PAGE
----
Recently, I have had several reasons to look into different ways to share one Internet connection between several apartments or houses on a property. I figured I’d create this post to have a reference to link to in the future.
One Internet connection, many local networks
At the core of it, we want to create a network setup where one incoming Internet connection can be split into several local networks, which are not able to interfere with or talk to one another.
Maybe you have a large house and rent out part of it as an apartment, or you have a property with two (or more) houses and you rent out the other one(s). Your property most likely only have one connection to the Internet (be it via fiber, DSL, or Dial-Up) and you now find yourself wondering about how everyone who lives there can reach the Internet; but you might also wonder how to make sure people living in different houses/apartments cannot reach each others’ devices on your local network.
Scope of this post
In this post, we will look at a scenario where a Main House has an incoming Internet connection via
fiber1 (terminated in a
Fiber Box), but we want to have Internet connectivity in both the main house
and an extra rent out house.
We also would like to ensure that neither house can see the other house’s Internet activities2.
Some quick terminology
Software Development in general contains a lot of acronyms and abbreviations; networking is no different. The three acronyms below are important to understand before we proceed.
When we talk about WAN, we mean the Wide Area Network that constitutes the Internet. (We will use WAN and Internet interchangeably in this post.) The WAN Port on a router is the port by which you connect your router to your fiber box.
To the outside facing world, your WAN Port will have an IP. This IP is referred to as your public IP. When reading on, don’t confuse your public facing (WAN) IP with any of the IP addresses on your local network.
LAN stands for Local Area Network and is the network we’re mostly concerned with in this post. The most common home network setup is a router with WiFi capabilities, where all devices (connected either via cable or WiFi) belong to the same LAN. Routers like these have a WAN port and often several ports labeled LAN 1, LAN 2, etc. These LAN ports are not really ports for different LANs but belong to a built-in switch, giving you X number of ports to your one LAN. Unless you have configured your routing or firewall rules otherwise, all devices on your LAN can talk to one another.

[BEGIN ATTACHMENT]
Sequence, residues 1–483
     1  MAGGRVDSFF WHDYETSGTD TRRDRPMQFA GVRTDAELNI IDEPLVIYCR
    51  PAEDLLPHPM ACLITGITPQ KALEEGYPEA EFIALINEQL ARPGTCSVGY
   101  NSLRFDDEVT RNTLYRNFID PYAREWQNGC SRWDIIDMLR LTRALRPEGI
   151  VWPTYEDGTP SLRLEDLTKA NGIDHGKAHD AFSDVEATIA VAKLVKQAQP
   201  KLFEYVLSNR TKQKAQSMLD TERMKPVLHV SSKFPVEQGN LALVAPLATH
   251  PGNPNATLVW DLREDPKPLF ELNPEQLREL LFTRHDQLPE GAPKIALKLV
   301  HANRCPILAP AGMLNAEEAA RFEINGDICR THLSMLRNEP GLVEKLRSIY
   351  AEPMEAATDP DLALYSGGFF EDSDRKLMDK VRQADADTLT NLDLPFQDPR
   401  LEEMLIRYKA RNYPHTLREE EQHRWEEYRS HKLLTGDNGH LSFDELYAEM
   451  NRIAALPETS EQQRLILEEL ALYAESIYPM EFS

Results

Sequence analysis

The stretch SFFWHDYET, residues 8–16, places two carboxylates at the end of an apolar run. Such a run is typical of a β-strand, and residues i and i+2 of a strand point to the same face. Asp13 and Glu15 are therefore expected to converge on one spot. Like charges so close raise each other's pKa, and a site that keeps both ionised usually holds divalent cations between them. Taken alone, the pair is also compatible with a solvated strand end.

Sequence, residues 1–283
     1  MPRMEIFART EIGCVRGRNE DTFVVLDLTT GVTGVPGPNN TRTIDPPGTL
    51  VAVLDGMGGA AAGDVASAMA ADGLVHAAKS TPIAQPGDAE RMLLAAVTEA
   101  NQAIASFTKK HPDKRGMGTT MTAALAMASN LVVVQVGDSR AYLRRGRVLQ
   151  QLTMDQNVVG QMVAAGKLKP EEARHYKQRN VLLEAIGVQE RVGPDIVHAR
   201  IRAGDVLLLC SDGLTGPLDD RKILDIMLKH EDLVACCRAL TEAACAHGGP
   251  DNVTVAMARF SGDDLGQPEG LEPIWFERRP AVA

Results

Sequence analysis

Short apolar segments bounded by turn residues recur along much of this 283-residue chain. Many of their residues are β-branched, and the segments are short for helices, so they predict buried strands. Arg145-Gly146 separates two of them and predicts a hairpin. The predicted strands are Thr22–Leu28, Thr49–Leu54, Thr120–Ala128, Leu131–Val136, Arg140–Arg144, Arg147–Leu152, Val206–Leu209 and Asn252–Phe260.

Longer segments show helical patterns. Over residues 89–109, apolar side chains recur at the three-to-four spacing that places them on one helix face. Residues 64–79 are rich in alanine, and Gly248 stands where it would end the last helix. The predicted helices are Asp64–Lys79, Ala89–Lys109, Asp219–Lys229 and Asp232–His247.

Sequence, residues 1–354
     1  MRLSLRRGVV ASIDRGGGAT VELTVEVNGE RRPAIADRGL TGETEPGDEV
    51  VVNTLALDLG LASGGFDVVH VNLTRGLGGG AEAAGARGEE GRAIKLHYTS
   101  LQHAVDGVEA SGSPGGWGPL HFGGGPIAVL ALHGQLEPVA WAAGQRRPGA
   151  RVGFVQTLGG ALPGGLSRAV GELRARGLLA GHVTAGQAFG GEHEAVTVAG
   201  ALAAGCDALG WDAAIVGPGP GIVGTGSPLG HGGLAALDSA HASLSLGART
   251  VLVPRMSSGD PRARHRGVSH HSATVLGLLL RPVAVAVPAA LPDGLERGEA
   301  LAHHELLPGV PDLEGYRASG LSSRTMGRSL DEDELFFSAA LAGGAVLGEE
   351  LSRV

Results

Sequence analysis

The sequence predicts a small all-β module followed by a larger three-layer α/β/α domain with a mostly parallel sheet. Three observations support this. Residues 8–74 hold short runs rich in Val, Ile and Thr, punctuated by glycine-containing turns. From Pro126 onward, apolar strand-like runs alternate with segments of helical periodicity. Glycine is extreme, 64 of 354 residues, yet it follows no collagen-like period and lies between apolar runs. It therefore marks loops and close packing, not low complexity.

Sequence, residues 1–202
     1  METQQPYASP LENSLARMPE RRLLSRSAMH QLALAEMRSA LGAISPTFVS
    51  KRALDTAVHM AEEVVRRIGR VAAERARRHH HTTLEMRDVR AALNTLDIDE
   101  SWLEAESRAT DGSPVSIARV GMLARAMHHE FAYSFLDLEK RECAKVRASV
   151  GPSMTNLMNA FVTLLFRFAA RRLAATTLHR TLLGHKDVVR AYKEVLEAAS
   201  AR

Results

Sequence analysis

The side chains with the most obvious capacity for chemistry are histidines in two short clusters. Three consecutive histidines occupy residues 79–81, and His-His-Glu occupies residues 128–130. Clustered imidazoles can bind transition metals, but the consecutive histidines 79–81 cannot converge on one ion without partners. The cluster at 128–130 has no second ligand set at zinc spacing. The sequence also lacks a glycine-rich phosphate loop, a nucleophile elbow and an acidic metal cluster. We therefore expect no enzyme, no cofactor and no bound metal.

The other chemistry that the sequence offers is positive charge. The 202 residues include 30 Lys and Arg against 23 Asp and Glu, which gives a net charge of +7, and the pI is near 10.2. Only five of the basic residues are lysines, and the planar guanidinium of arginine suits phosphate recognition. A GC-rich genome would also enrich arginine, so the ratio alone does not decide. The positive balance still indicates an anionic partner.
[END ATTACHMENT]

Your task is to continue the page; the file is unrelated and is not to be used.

In order to save addresses (and probably other good reasons you can read about on the link) LANs use
dedicated IP address ranges; the two most commonly used are
Virtual Local Area Network (VLAN) is a technique for having multiple virtual LANs contained in the same hardware. Instead of having multiple, physical, LANs, the router uses VLAN tags to indicate which VLAN each network package belongs to.
Multiple IPs from your ISP
The simplest way to achieve separation of concerns for the two houses is to call your ISP and ask them if they can provide you with multiple public IP-addresses. In a usual home setup, each home will have one router, with one WAN port, and one public IP; but if you can get your ISP to provide you with two public IPs you can connect your fiber box to a regular network switch and then connect two routers to the switch. It might even be the case that you can omit the switch altogether and just plug into several ports in the fiber box.
With this setup, each house can manage their own router (and additional network equipment) and they will not be more connected than than yours and your neighbors’ houses.
Single IP from your ISP
More often than not, ISPs are reluctant to hand out several IPs. Hence, we need a solution that works for such a use case. But first, some disclaimers:
Disclaimer about ports
Although I have not run into trouble myself, I have come across arguments online stating that a setup where you share
a single public IP – as in the examples below – might cause problems if you run applications that require certain
ports to be used.
Allegedly, certain games bind to certain public ports and if a user in Main House is playing said game and connects
to their server using